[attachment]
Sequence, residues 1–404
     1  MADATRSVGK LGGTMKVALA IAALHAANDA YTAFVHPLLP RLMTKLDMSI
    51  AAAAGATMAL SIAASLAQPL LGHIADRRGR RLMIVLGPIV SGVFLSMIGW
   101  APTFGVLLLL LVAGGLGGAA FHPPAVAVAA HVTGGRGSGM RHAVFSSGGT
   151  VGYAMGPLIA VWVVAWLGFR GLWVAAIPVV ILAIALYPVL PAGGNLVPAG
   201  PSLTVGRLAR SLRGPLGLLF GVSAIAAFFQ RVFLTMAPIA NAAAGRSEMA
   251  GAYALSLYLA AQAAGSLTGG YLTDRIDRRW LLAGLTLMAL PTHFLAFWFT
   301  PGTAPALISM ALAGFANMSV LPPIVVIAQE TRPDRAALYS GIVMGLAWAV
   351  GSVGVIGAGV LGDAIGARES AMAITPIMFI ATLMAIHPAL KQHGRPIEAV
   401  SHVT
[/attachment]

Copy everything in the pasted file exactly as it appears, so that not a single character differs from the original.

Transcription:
Sequence, residues 1–404
     1  MADATRSVGK LGGTMKVALA IAALHAANDA YTAFVHPLLP RLMTKLDMSI
    51  AAAAGATMAL SIAASLAQPL LGHIADRRGR RLMIVLGPIV SGVFLSMIGW
   101  APTFGVLLLL LVAGGLGGAA FHPPAVAVAA HVTGGRGSGM RHAVFSSGGT
   151  VGYAMGPLIA VWVVAWLGFR GLWVAAIPVV ILAIALYPVL PAGGNLVPAG
   201  PSLTVGRLAR SLRGPLGLLF GVSAIAAFFQ RVFLTMAPIA NAAAGRSEMA
   251  GAYALSLYLA AQAAGSLTGG YLTDRIDRRW LLAGLTLMAL PTHFLAFWFT
   301  PGTAPALISM ALAGFANMSV LPPIVVIAQE TRPDRAALYS GIVMGLAWAV
   351  GSVGVIGAGV LGDAIGARES AMAITPIMFI ATLMAIHPAL KQHGRPIEAV
   401  SHVT